Industry Insight: Lusty Industries’ Johnny McLean //
POSTED: 08 Nov 2012 | SECTION: Industry Insight | POSTED BY:Adam Spence
MotoOnline.com.au brings you an Industry Insight with Lusty Industries' Johnny McLean.
Lusty Industries distributes some of the most unique and exciting brands to be seen in the Australian action sports market today.
Offering up niche brands to a market already flooded with various brands and styles, Lusty Industries has found themselves in a unique position within various industries, not just moto alone.
MotoOnline.com.au caught up owner and founder, Johnny McLean, to find out how it all started and where he plans to take his company in the future.
Firstly, how did Lusty Industries all begin and what was the vision behind the brand?
It began when I was trying to have a good crack at doing the racing thing, travelling to the events and racing as much as I could, while juggling working in a trade.
I realised I wasn’t going to be a professional any time soon, and thought there was a bunch of brands in numerous magazines and etc, that weren’t in Australia and looked pretty cool.
So I took the onus of contacting a few of them and seeing if they would be keen for me to represent them here in Australia, there was no real plan or business guide and it just kicked-off.
You distribute core action sports brands, such as OGIO, GoPro and Ethika which are not just motocross specific brands. Was this your aim, to cater to a broad market and not just become a motocross only company?
Definitely, a lot of my friends are really good downhill mountain bikers or cyclists and snowboard in the winter. Just from personal experience in the moto industry, there is a much bigger market place than just being a moto distributor or just being a bicycle distributor.
So a lot of our brands that we have currently, and brands that we look at in the future, I think it’s healthy from a business point of view to be as diverse as we can within action sports. It seems to let us grow as quickly and as well as we have here today.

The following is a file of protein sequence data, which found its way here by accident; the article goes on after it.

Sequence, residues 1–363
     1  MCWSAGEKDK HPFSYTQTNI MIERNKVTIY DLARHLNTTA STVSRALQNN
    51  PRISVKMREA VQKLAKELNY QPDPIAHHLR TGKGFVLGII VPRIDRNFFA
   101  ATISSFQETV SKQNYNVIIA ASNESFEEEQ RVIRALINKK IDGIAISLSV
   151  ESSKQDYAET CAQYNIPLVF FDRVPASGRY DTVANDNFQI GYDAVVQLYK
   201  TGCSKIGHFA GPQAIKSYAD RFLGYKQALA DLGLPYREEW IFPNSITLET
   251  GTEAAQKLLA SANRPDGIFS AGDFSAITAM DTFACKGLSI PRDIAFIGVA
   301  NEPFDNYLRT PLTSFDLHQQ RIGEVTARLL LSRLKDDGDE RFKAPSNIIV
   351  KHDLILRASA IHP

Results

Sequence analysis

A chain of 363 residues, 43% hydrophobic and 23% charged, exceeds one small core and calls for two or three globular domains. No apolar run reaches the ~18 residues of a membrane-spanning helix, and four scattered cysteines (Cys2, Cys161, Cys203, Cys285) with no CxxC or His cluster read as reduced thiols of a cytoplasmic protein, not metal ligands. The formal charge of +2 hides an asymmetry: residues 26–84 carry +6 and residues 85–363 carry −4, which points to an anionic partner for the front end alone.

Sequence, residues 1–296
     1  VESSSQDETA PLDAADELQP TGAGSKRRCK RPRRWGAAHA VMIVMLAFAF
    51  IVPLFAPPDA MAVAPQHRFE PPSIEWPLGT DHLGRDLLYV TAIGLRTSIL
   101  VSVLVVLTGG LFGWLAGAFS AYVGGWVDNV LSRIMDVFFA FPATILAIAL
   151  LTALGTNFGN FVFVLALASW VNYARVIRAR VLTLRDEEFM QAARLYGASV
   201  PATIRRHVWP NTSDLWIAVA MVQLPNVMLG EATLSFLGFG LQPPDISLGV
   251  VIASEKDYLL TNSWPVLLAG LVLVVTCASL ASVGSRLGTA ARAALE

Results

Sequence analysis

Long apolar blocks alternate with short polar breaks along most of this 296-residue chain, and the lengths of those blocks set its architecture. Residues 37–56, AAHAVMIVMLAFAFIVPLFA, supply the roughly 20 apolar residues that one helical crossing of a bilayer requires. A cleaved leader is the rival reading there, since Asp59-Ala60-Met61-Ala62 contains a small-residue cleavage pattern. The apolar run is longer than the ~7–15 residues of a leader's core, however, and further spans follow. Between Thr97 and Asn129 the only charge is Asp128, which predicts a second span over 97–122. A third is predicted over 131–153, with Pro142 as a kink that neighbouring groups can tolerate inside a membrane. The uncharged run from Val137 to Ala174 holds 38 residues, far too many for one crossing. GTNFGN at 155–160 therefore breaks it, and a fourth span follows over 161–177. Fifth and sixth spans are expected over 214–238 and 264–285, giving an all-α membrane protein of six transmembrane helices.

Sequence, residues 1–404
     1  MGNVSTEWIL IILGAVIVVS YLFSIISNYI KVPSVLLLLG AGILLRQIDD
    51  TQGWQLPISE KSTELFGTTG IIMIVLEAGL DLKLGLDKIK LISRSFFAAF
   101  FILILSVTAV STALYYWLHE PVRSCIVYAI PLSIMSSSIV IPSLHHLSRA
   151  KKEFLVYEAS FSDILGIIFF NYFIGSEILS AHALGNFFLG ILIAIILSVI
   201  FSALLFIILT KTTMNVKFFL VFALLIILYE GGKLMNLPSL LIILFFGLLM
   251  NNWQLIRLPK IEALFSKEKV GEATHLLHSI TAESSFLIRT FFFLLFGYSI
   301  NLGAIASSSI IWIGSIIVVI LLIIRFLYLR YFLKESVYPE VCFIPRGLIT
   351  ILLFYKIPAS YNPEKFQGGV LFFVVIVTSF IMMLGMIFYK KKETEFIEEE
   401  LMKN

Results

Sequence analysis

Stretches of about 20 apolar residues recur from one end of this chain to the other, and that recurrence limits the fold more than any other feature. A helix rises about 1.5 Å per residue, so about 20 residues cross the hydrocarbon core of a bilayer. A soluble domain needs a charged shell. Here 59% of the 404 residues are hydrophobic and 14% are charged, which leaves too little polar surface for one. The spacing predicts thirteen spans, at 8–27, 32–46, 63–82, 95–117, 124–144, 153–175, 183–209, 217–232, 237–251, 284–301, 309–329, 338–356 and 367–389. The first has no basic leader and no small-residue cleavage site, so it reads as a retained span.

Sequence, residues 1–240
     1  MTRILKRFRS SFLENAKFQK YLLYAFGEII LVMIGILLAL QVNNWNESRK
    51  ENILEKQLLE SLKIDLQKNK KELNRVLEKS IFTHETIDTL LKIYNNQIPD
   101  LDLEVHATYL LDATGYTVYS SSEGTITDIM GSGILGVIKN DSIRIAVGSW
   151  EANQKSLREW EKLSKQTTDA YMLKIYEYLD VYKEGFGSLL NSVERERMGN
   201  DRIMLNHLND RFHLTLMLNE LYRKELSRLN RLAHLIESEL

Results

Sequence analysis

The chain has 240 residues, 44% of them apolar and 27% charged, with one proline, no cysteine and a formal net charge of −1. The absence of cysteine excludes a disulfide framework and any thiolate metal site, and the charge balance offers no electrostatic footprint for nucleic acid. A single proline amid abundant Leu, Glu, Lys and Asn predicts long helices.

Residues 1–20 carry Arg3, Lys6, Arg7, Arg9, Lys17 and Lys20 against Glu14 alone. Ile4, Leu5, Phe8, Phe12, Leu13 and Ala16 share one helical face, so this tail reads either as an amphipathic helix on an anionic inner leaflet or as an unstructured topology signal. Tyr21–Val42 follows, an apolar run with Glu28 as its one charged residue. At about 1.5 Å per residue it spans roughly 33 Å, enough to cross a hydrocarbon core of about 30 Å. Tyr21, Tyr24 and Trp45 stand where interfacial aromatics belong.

Last year you took VonZipper goggles onboard, a brand that we have seen steadily building in popularity out on the track. How has that worked out for you so far?
It’s gone very good, VonZipper was a brand that we targeted for a few years. VonZipper is part of the Billabong/GSM global empire, and we felt that over the years I’ve seen it on [Brian] Deegan and I’d seen it popping up in the US.
It’s just another niche brand that we could add to our stable, I felt that it was just a little bit left field, some people get it you know? It’s a little bit cutting edge, it’s got the surf, it’s got the lifestyle movement – it’s different.
I felt that it suited our branding and our company perfectly, so we met with those guys around 18 months to two years ago and showed them our program, what we could do.
Those guys are fully stoked, I regularly meet with them when I go to America and we align our thoughts and they’re really good. We actually designed the latest goggle line ourselves for the Australian market, which is pretty cool and unique.
Those guys are fully transparent and it’s rad to have brands like that, we do some custom stuff with guys like Ryan Marmont, we have a helmet, different VonZipper wraps. We’re just trying to do some different stuff, which is perfect for their branding.
We can leverage their global activations and it lets us do some cool as hell shit here, instead of being the same old, same old. I don’t want to use names, but you have your Oakley and your Scott, they’re there every year and they’ll be there forever.
But I think we’ve solidified ourselves quite nicely in the market place and we have our customer base. We appeal to your freestyler or your motocrosser that just wants something different, which is cool to have that.
You carry some innovative and exciting brands such as Deft, VonZipper, OGIO, even ODI grips with their fresh colourful look. These have all proven to be very popular in Australian, especially with the younger generation. Was the plan all along to bring in products which people are really excited and pumped about, but just could not get there hands on previously?